Soft drink makers feeling the heat as growth slows
Firms in the beverages sector, which grew slower than consumer packaged goods and food baskets in past two years, are looking for new ways to boost consumption
Mumbai: Soft drink makers fell on hard times in the past two years as consumers denied themselves even small indulgences, given the tough economic environment and two consecutive years of drought. Consequently, the companies cut back on new launches, denting growth that’s already among the lowest in the consumer packaged goods industry.
The Rs5.29 trillion soft drinks market recorded volume growth of 4% from June 2014 to June 2016, lower than the volume growth of the consumer packaged goods and food baskets at 5% and 7%, respectively, each per annum, according to a report on the soft drinks industry by research firm Nielsen.
To be sure, soft drinks consumption was also crimped by other factors like health concerns and pressure from government policies. Penetrating rural India, too, has been a challenge for the sector given that beverages need to be served chilled, which requires upfront investments in infrastructure like coolers. Rural consumption levels are two-third that of consumption in urban areas, said the same Nielsen report.
Indians drink about 5.9 billion litres of soft drinks per annum. Soft drinks include carbonated beverages like Coke and Pepsi as well as non-carbonated soft drinks like juices and packaged water. Per capita consumption is just 1/20th of that of the US, 1/10th of Kuwait, 1/8th of Thailand and the Philippines, and one-third that of Malaysia.
To increase the per capita consumption, manufacturers require to focus on innovations (new launches), drive execution and make the category season-neutral, said the Nielsen report.
A Nielsen Global New Product Innovation Survey in 2014 found that 63% of consumers say they like it when manufacturers introduce new products, and 57% say they purchased a new product during their last shopping trip.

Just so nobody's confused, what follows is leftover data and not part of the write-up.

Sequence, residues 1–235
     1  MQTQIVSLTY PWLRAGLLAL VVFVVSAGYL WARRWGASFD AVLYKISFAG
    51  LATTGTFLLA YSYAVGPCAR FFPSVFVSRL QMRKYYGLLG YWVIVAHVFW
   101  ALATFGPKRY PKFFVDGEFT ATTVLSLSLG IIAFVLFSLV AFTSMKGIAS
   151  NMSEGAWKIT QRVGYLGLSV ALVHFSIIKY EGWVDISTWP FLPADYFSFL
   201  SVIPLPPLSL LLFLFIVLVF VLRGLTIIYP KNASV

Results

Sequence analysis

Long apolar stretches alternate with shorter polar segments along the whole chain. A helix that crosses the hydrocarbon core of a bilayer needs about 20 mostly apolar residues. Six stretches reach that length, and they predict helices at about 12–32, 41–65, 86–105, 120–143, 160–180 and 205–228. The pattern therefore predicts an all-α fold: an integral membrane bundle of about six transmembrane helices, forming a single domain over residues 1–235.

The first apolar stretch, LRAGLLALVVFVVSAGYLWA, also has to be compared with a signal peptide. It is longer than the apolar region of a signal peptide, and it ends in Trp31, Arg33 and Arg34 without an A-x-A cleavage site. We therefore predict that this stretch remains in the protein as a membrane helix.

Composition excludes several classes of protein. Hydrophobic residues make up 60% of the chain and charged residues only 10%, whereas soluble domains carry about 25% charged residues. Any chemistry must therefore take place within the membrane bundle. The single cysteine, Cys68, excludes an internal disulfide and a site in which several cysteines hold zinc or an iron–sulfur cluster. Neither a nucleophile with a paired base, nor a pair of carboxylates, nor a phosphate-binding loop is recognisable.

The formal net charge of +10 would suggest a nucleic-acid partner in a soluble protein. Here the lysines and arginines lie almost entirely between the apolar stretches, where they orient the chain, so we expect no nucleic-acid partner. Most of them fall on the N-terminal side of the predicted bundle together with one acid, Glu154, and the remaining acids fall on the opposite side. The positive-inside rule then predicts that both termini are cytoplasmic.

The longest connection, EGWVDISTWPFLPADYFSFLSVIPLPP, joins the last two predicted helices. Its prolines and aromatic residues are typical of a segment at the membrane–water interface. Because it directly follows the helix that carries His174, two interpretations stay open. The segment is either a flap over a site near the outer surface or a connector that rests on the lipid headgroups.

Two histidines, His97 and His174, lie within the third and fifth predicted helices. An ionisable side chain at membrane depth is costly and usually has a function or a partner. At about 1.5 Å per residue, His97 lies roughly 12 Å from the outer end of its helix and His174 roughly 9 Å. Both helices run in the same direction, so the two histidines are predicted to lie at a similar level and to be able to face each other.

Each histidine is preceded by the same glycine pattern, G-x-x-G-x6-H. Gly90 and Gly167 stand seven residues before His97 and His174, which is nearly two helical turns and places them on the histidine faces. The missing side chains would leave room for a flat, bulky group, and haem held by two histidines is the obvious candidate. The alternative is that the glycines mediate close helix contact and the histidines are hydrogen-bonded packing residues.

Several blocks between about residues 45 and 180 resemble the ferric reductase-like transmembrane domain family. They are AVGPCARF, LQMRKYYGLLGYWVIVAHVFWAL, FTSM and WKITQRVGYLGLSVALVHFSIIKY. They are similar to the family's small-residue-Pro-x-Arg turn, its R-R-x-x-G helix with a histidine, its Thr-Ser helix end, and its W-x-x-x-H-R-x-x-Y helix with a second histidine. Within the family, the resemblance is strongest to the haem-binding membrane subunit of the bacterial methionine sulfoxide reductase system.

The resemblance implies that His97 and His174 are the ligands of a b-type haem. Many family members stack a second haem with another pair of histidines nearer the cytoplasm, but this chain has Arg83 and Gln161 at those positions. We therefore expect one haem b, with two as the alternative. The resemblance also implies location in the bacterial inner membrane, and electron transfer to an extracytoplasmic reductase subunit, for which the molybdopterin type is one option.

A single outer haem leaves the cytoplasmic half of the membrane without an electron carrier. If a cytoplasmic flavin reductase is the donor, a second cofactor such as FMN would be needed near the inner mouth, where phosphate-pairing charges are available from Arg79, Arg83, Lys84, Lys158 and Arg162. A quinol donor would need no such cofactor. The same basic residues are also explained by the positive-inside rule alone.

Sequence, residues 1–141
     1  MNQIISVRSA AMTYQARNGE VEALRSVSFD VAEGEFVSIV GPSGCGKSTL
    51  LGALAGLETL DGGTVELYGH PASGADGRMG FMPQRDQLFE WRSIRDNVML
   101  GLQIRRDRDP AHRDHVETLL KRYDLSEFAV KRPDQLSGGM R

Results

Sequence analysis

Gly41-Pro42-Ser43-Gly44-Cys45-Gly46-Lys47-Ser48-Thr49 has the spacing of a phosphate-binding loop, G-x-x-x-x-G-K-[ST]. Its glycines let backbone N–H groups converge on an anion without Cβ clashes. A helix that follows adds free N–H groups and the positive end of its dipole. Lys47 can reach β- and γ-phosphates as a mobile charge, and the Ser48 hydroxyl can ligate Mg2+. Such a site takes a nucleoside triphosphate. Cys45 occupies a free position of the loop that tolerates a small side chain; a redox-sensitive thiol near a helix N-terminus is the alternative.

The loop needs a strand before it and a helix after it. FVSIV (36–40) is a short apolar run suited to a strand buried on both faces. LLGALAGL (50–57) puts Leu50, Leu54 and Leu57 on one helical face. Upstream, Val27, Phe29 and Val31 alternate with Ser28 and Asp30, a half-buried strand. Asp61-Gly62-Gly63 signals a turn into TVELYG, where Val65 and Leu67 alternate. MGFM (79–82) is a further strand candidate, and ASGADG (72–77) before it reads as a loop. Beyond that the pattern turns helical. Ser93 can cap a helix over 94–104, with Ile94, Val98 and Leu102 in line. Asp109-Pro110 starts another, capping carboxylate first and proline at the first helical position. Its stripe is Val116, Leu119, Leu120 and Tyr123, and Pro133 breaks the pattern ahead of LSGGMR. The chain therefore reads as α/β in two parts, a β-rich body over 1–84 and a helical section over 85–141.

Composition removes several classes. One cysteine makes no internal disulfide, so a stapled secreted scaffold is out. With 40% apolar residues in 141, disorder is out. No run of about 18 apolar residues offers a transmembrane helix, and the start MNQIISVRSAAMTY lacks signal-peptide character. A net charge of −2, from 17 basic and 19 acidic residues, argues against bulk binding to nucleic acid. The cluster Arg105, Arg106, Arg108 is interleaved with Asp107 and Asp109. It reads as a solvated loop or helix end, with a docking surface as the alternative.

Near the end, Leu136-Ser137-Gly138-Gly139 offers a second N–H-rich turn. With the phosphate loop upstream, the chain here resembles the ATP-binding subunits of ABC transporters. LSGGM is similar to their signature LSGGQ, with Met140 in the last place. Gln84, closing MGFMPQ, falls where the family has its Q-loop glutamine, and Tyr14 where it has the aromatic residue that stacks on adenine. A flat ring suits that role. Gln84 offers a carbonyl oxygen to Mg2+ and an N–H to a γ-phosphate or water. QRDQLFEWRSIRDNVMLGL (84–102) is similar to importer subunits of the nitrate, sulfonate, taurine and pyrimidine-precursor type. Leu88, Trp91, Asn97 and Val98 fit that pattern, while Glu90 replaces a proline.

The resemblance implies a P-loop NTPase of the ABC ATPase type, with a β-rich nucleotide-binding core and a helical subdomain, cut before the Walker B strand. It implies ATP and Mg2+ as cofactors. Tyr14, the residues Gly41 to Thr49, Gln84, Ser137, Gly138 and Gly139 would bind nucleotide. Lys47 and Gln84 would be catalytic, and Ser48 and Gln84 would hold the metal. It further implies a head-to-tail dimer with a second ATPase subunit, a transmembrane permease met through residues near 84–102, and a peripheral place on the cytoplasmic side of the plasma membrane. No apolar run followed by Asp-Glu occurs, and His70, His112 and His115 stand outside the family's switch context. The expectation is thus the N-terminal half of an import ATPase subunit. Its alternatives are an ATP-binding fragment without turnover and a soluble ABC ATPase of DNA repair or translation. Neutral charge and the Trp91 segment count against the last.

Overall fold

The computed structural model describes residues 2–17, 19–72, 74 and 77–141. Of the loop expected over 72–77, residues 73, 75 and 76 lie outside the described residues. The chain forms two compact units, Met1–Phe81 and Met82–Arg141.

Despite that, another study by Nielsen on innovation trends in India revealed that the consumer packaged goods sector cut back on new launches in tough economic situations. Soft drink launches fell by 17%—from 1,425 in 2013 to 1,188 in 2014. This further fell by 11% to 1,059 new launches in 2015.
The decline in new launches was seen in both carbonated as well as non-carbonated beverages. The number of carbonated soft drink launches fell from 818 in 2013 to 658 in 2015. New launches of non-carbonated soft drinks reduced by almost a third—from 607 in 2013 to 401 to 2015.
“The challenge for this industry, therefore, is to restore its pace of volume growth by increasing the per capita consumption of soft drinks in India, catch up with international consumption levels of soft drinks and perform at par with other FMCG (fast-moving consumer goods) categories in India, like salty snacks, chocolates and biscuits,” said the report.
Companies appear to paying heed. In the past two years, Coca-Cola India Pvt. Ltd launched smaller sized packs. The company also launched a small PET (polyethylene terephthalate) bottle of 300 ml for Rs20.
For the past 20 years, Coca-Cola India has built the refreshments category for summers with consistent advertising like ‘Thanda matlab Coca-Cola’ (cold means Coca-Cola). During summers, the firm sees a large spike in its sales. It is now looking at making its soft drinks relevant to consumers throughout the year and has begun by focusing on advertising campaigns that plug Coke as the refreshment of choice to be served when guests come home, said Ajay Bathija, director–colas, Coca-Cola India.
He explained that it has taken two decades of consistent advertising to build the summer refreshments’ category, and in the past three years, it has been trying to promote it as a daily beverage, especially during the festive season.